Despite regional differences, there are features that are very common among Nordic Knives. The blade is narrow, straight for most of its length, with the edge curving up to meet the back at the tip. The back is straight, or only slightly clipped. The blade is single edged, and usually three to five inches long. More often than not, the finger guard is absent. The sheath holds not only the blade, but much of the handle as well. If a keeper strap is used, it fits over a stud on the end of the pommel. Often the sheath wraps around the knife and is sewn up the back. It may be dangled off the belt by a thong or hinged belt loop.
The blade grind is distinctive, and important. Blades have a single long, flat bevel on both sides of the blade. The bevel runs all the way to the edge without a significant secondary bevel. The angle of the bevel corresponds to the quality of the steel and the intended use. It's exceptionally easy to sharpen without jigs or gadgets. When sharpening, the bevel is simply laid flat to the stone, and it serves as a guide. This is an excellent system when everyone is expected to keep their knife sharp. There is a lot of discussion among knife makers and serious users about blade grind. I think the Scandinavian grind is underrated by the general user. It is widely used among woodcarvers however.
Larger knives are used also, but not as commonly. A distinctive style is the "Leuko" used in the far north by the Sammi people. It's a camp knife or machete-type all-purpose tool. The Finns also use a longer version of the narrow blade, as a combination tool and weapon.
An interesting feature of the northern knives is the handle shapes. As you get into the far north, the handles become more and more suitable only for a pulling stroke. Guards are even more rare, and the handle tapers down toward the blade. It seems that as conditions worsen for keeping a grip (due to numb hands, the wearing of mittens, etc), users learn never to push on a blade.
Here's my quick take on national and regional differences.
The Southern Swedes don't usually care what a knife looks like, and they don't want to spend much money, but it has to cut really well. I've seldom seen one that wouldn't shave out of the box, literally. The blades are tempered hard (58-62 on the Rockwell scale) and they hold an edge really well. They usually come with cheap, ugly sheaths. Often the handles are pretty ugly as well. Recently plastic has been increasingly popular for both handle and sheath. It's as if they work at making them ugly so you know every kroner of your purchase price goes into the quality of the blade. Given the quality of the blade, they are a fantastic bargain. You may want to make a better sheath, and rework the handle a little for historical settings, but you're still getting more than your money's worth. Retail prices range from $8-$30.
I bought a knife from Mora (that's the name of a Swedish town) over fourty years ago. I'm now on my third sheath. It still sees regular use and holds a razor edge. It's a great knife. I believe it cost $1.98, including postage. (That was a long time ago.)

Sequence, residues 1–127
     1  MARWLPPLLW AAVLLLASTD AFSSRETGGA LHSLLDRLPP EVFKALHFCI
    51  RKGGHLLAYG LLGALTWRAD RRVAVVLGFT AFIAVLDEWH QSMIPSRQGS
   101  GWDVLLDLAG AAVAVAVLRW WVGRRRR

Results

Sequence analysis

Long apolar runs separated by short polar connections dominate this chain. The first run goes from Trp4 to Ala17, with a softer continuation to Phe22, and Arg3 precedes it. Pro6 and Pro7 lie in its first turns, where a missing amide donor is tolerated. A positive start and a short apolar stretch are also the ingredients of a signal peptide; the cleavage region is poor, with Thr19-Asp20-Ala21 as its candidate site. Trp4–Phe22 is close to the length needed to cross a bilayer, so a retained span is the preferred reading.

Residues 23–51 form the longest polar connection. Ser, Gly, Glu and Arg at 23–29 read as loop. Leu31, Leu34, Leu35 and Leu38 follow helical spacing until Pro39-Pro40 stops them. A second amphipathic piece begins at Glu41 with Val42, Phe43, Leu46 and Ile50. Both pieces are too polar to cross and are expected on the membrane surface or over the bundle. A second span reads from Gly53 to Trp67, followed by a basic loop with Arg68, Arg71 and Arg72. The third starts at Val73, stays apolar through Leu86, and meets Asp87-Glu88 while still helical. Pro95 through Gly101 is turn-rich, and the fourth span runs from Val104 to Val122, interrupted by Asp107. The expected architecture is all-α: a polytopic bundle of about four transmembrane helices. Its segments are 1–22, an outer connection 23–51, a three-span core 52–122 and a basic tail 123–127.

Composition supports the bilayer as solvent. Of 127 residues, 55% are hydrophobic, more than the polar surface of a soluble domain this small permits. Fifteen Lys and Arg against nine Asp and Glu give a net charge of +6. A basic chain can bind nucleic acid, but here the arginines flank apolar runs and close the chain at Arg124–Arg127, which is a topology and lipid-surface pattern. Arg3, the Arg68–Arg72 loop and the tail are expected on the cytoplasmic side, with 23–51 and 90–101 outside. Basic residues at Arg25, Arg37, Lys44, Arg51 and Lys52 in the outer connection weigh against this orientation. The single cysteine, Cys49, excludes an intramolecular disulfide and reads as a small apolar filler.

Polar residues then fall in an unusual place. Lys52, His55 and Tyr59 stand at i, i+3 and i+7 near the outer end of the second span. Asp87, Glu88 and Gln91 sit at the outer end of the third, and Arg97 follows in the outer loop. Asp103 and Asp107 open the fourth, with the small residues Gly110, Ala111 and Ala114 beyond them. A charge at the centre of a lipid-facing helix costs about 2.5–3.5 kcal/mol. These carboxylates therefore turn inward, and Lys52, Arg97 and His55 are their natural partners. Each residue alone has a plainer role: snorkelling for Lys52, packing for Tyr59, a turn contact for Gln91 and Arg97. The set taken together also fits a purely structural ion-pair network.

The Norwegians want their knives to look good as well as work well. They expect good wood, a sculpted shape, and an attractive quality sheath. They're expected to last a couple of generations. They come out of the box even sharper than the Swedish knives. (They shave more smoothly). They are also ground with a single bevel on each side. They cost more and they're worth it. They tend to be tempered a little tougher than the Swedish Mora style, with a Rockwell of about 58. Styles are very traditional. There are two distinct catagories; the "everyday knife", and the "Sunday knife". The Sunday knife is highly decorative but still has a working blade. Retail ranges for a typical "everyday" knife can range from $50 to $100 or so. The Sunday knife can be much, much more.
The Finnish knives split the difference. They are nicer than the Swedish knife in appearance, but not as costly as the Norwegian knives. The styles are just a bit different, but for the most part they use natural materials with an eye toward appearance. They come in leather sheaths which are of historically accurate style, but not as heavily built as the Norwegian sheaths. They are often rather delecate looking, but are actually made to withstand the heaviest use and even abuse. They may be the strongest of the Scandinavian knives. The blades seem to be tempered just a bit softer than the Norwegian knives, about 57 or 58 on the Rockwell, and they are often ground with a slight secondary bevel. This gives a fairly sharp edge that holds up well. Many of my customers consider them quite sharp. I prefer to bring them to a single bevel, which can be a chore the first time. They are excellent knives however, and come in a wide range of prices and styles.
In all three countries the northernmost population is a separate cultural group called the Sammi, or Laplanders. The Sammi have their own knife styles, and some of the Scandinavian factories also make these styles of knives. A typical northern knife will have a wide flat pommel and a handle that tapers down toward the blade. Again, this style is best used with draw strokes. The sheaths often take almost the entire handle. Locally made Saami knives often have hand forged blades and fine hand work on handles and sheaths. Bone and antler is often used in place of wood. Even the sheaths may be made partly, or entirely, of antler.
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